One of the hardest days of my life was when Clint Eastwood and I parted ways.
Before we get there, a bit of background. The way I view things, there are three categories of expected behaviors in the LDS Church. At the top of the pyramid are commandments that are sufficiently serious that violation of them most likely would affect your standing in the Church (like murder, adultery, child abuse), or would limit your ability to enter into the temple, our most sacred place of worship (not obeying the Word of Wisdom, not paying your tithing, dishonesty, etc.). At the next level are commandments that you are supposed to keep, but we expect most folks to struggle with them, so it doesn’t affect your membership, your ability to hold callings, or your worthiness to attend the temple. These are things like loving your neighbor, keeping the Sabbath day holy, regular church attendance, accepting callings, and so forth.
Then there is significant amount of counsel given that isn’t binding, but is offered as a way to help you improve your discipleship, become more like Christ and, truth be told, avoid violating some of those “bigger” commandments that have greater consequences to your own spirituality and your standing in the Church. This counsel may shift in emphasis slightly over time, or new counsel may be given based upon what is happening in society. Because we believe that the President of the Church and the other General Authorities are led by revelation through the inspiration of the Holy Ghost, we tend to take such counsel seriously, although how you respond to such advice is a personal decision. Some folks take it quite literally and absolutely. Others are more casual about it.
One example of such counsel is in the selection of our entertainment. Over the years, there have been several occasions when the leadership of the Church has discouraged members from attending R-rated movies. (One of those had a loophole that I exploited for years: Mormons shouldn’t be seen in an R-rated movie. I figured I could just go into the theater after the previews started, when it was sufficiently dark). It has never been expressed, to my knowledge, as a THOU SHALT NOT kind of commandment, and I know plenty of Mormons who attend R-rated movies with little or no reservations.
That’s the more-or-less official answer. The principle on which the counsel is based is that disciples of Christ should be very cautious about the kinds of material to which they expose their minds and spirits. But there is a wide spectrum of entertainment choices running between Sesame Street and hard-core pornography. Establishing any “line” over which you should not cross admittedly is difficult. For many of us, avoiding R-rated movies is an easy way to avoid some of the decision-making. We assume that most stuff in that category is inappropriate to one degree or another, so we avoid it entirely, and then try to use our best judgment about everything else.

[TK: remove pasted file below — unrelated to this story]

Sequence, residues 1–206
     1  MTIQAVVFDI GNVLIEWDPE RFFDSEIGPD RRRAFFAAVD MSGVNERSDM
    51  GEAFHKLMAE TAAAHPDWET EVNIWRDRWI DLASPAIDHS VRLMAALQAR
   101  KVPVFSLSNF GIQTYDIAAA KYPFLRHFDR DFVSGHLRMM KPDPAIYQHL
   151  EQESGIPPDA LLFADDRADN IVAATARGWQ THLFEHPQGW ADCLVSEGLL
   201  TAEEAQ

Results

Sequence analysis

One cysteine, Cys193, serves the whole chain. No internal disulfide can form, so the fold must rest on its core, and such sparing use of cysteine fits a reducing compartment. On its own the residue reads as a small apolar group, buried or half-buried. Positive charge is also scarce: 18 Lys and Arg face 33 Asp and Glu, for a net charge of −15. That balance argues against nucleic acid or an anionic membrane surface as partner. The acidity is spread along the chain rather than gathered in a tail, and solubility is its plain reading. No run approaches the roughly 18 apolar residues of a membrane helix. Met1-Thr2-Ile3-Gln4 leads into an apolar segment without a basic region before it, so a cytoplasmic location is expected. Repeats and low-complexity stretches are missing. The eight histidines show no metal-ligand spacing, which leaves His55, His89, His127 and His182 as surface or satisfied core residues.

I don’t watch R-rated movies myself, but that was not always the case for me. My parents didn’t care much one way or the other, and I watched all of the Dirty Harry movies in the theater, starting from when I was in grade school. It wasn’t until long after I was married that my wife and I decided to take the counsel against R-rated movies to heart, feeling that it wasn’t great for us to watch those movies and even worse to permit our kids to watch them. Although walking away from Clint Eastwood movies initially hurt a lot, I don’t think I’ve been particularly deprived as a result. My daughters find that it is a helpful standard, and they ask to be excused if R-rated movies are shown in school (which happens at a rate that frankly surprises me). So it works for me, but I’m not going to call anyone to repentance for watching Die Hard.
Now there are a couple of objections to this counsel that probably deserve a response. The first is, why should we delegate our moral decision-making to the MPAA ratings guide? That’s a fair question, given how inconsistent those ratings can be. In my mind, you have to use something as a guide if you want to avoid entertainment that you feel is inappropriate. I don’t want to blow 10 bucks on a movie, only to find out 20 minutes into it that it has material that I find offensive. That still happens with some PG-13 movies, which frequently have more graphic language, sex or violence than I would expect, but if I ignored ratings altogether, every movie would be a roll of the dice. The MPAA rating system isn’t perfect, but it certainly is helpful.
The second objection, which I hear more frequently from inside the Church, is that many movies are rated R for violence or language and have no sexual content. I think that misses the point entirely. Sexual content is not the only thing that makes entertainment inappropriate. I think that it is difficult to maintain your spiritual sensibility and sensitivity if you subject yourself to a constant stream of profanity and violence. After all, one of the most significant indictments made by God against Sodom and Gomorrah was that they were “full of violence.” I believe that we need to be careful about more than just sexually explicit content if we want to stretch our discipleship to a higher level.
I’ll admit to many heartfelt “RATS!” during movie previews when a particularly enticing flick ends up being rated R. But trying to live as a follower of Christ means that you give up some stuff that appeals to you in exchange for better stuff that enlightens you. So, I’ve chosen to defer my gratification until certain movies come out edited on broadcast TV, or I just forget about them altogether. It’s just my good luck that I’m a sucker for cartoons.